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NCCIH Clinical Digest

for health professionals

Dietary Supplements Marketed for Weight Loss, Bodybuilding, and Sexual Enhancement: What the Science Says

January 2023

Clinical Guidelines, Scientific Literature, Info for Patients: 
Dietary Supplements Marketed for Weight Loss, Bodybuilding, and Sexual Enhancement

Image of dietary supplements

Weight Loss

Most dietary supplements marketed for rapid weight loss, such as acai and hoodia, are ineffective for long-term weight control, and some have serious safety concerns. Researchers have investigated the weight loss potential of a variety of dietary supplements, including green tea extracts, Chinese herbs, and bitter orange extract, but none have been shown to be effective for weight loss, and each has side effects.

What Does the Research Show?

  • Acai berry. No independent studies have been published in peer-reviewed journals that substantiate claims that acai alone promotes rapid weight loss. A 2010 laboratory study examining the safety profile of an acai-fortified juice found no changes in body weight compared with controls.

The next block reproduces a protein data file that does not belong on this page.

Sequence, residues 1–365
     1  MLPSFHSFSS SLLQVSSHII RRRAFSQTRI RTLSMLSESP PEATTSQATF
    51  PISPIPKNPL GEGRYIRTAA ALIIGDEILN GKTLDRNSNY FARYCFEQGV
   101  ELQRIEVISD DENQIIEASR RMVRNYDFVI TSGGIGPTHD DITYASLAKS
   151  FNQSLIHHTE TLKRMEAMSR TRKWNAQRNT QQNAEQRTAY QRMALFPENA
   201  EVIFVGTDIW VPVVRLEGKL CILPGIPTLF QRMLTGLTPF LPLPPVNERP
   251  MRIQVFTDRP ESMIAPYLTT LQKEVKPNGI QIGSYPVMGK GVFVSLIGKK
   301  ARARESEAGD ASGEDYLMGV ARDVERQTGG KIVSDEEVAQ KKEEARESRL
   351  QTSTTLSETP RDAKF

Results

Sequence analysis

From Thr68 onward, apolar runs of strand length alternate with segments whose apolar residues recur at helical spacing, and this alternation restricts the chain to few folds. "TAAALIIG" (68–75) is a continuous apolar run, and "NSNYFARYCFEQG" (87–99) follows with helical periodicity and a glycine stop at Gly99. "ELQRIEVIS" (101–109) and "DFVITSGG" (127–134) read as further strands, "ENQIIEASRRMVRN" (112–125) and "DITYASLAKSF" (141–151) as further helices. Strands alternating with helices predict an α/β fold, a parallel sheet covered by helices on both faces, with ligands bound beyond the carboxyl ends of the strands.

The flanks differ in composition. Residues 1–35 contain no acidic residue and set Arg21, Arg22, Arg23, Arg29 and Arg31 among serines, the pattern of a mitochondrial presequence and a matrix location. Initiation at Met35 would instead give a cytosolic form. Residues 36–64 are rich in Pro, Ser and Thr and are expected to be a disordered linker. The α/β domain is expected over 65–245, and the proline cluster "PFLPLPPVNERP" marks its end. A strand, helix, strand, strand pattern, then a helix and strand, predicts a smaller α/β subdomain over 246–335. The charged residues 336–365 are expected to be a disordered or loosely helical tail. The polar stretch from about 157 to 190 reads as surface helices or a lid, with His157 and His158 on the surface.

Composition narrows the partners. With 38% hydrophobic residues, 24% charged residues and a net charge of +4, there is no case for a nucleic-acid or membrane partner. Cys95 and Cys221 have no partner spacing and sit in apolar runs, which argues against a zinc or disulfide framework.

• Bitter orange. A  2020 review concluded that bitter orange, as well as other dietary supplements, are unlikely to contribute to meaningful weight loss. A 2004 systematic review of only one eligible randomized controlled trial of 20 people found no statistically significant benefit for weight loss. Similarly, another 2004 review found little evidence that weight loss products containing bitter orange (Citrus aurantium) are an effective aid to weight loss.
  • Ephedra. A 2003 study examining the relative safety of ephedra compared with other herbal products by analyzing phone calls to poison control centers found a higher rate of side effects from ephedra. Other studies and systematic reviews have found an increased risk of heart, psychiatric, and gastrointestinal problems, as well as high blood pressure and stroke, with ephedra use.
  • Green tea. A 2020 review concluded that green tea, as well as other dietary supplements, are unlikely to contribute to meaningful weight loss. A 2012 Cochrane review of 18 randomized controlled trials of at least 12 weeks’ duration in overweight or obese adults found that the loss in weight in adults who had taken a green tea preparation was very small, not statistically significant, and not likely to be clinically important.